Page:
Entrepreneur Dennis Kelley '72 Announces Major Agreements with China as He Discusses International Careers and His DePauw Experiences
November 17, 2005
November 17, 2005, Greencastle, Ind. - Indianapolis-based Pacific World Trade, Inc. is the first American company to agree to a commercial distribution contract with China Atomic Energy (CAE) and will publish a paper with CAE that will be presented worldwide at nuclear energy conferences next year, another first. The announcements were made today by Dennis B. Kelley, president and CEO of Pacific World Trade, Inc. and 1972 of DePauw, as he addressed students in the University's Management Fellows Program.
With offices in Indianapolis and Beijing, Pacific World Trade, Inc. has developed state-of-the-art nuclear waste treatment technologies, working primarily in nuclear weapons and nuclear power sectors worldwide. The company's product can turn hazardous and radioactive liquids into solid material that can be more safely disposed of.
[Download Audio: "Dennis Kelley on Agreement with CAE" - 318kb] "In April, I conducted testing at (CAE's) site, and they're so pleased with the results of our work that we're signing a contract with China Atomic Energy to distribute our products and technology throughout the Chinese nuclear community," Kelley told the crowd that gathered for his lunch hour Robert C. McDermond Lecture in the ballroom of the Memorial Student Union Building.
[Download Audio: "Breaking Down Barriers" - 435kb] "As you can imagine, American companies penetrating the China nuclear sector is quite new," Kelley explained. "In this particular case we've been enemies for a long time, but now the government -- U.S. Department of Energy -- and the Chinese are beginning to open up a bit knowing that there needs to be cooperation, and we're sort of on the front end of that effort."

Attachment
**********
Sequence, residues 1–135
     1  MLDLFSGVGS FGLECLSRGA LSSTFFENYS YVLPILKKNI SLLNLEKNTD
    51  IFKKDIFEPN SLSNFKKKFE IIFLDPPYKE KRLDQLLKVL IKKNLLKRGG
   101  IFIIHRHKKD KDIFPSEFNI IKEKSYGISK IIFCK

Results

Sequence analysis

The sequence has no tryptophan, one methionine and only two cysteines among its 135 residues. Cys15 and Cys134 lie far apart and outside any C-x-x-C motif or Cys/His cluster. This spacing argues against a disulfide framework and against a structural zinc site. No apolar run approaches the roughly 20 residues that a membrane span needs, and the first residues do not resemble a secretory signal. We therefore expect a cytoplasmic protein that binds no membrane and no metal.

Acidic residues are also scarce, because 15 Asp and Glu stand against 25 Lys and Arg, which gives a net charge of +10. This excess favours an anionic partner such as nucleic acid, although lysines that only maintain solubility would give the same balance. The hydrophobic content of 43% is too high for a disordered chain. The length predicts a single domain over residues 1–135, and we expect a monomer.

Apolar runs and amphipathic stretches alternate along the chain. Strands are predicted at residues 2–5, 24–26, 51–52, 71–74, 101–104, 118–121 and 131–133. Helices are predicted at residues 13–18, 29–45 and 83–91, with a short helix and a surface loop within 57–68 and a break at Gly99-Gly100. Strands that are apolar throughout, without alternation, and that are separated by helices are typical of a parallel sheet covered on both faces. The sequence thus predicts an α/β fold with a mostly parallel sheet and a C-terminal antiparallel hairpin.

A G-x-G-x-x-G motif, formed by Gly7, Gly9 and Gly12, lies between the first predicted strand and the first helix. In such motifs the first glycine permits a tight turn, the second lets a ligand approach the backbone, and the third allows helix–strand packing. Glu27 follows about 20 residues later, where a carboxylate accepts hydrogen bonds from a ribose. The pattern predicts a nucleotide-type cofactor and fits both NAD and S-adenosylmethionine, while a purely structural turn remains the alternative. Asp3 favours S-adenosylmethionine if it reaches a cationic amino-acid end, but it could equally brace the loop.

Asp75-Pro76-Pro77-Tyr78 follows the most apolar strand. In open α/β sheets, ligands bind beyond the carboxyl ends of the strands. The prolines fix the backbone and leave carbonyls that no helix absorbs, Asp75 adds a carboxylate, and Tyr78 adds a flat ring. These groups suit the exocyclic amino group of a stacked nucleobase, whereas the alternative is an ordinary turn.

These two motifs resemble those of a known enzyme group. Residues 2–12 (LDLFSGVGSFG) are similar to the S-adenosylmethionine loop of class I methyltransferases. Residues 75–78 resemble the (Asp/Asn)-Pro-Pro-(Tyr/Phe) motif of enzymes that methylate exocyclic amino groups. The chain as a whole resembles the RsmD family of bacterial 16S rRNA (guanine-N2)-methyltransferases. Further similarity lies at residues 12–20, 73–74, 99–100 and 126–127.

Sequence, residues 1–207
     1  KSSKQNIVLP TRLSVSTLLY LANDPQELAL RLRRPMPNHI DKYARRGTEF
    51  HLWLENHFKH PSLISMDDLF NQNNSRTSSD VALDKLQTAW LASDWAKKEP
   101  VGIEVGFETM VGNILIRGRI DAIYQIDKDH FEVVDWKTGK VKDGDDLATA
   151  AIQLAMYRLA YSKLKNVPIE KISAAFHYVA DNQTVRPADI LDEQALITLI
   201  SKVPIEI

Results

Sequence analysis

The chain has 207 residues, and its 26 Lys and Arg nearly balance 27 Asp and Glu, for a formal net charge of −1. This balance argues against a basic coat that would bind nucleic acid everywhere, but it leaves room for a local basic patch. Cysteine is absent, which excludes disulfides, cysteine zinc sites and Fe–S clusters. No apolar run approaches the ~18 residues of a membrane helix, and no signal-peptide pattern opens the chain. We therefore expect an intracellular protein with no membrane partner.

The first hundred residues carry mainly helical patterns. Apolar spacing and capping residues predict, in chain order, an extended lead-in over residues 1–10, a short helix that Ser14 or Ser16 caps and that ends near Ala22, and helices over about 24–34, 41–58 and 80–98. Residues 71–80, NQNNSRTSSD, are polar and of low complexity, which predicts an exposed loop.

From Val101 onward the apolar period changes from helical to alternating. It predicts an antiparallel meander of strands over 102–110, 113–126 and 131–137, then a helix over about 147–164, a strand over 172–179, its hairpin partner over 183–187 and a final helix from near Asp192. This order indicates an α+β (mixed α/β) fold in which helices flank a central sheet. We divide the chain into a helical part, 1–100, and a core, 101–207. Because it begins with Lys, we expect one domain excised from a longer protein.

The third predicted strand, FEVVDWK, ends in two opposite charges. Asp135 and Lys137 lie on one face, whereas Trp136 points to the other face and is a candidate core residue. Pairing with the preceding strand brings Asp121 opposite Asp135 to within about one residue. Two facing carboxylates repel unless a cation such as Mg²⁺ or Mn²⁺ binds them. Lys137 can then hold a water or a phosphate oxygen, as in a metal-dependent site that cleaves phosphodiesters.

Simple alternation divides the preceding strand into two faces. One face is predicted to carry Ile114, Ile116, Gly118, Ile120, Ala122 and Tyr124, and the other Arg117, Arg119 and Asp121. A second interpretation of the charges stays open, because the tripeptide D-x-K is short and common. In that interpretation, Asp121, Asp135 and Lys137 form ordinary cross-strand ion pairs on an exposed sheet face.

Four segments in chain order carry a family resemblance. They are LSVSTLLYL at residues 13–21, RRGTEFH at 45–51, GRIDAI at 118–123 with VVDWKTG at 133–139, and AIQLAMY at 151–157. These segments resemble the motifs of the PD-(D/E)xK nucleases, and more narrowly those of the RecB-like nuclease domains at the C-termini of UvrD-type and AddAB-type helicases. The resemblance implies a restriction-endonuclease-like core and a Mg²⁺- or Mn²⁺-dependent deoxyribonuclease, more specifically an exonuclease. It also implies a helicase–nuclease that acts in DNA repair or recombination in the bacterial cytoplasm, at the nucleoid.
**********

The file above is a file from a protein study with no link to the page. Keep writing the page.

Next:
Kelley points out, [Download Audio: "A Growing Threat" - 650kb] "In our business, we're finding that the liquid contamination -- of which there is quite a bit of worldwide -- is just stacking up. It's being put in these drums off to the side in warehouses." He adds that "the health and safety of people and the environment. We're finding, in this country, that nuclear waste at [the] Hanford, Washington site, for example, is already leaking out of tanks underground into the Columbia River. And this is very common [and] much worse in other countries than in the U.S. But this type of contamination needs to be cleaned up and taken care of."
Besides being an environmental hazard, liquid contaminants can be used by terrorists to create so-called "dirty bombs." [Download Audio: "Kelley on 'Dirty Bombs'" - 797kb] "So if we're able to put this liquid into a solid form, we reduce the risk of a catastrophic terrorist attack," Kelley says.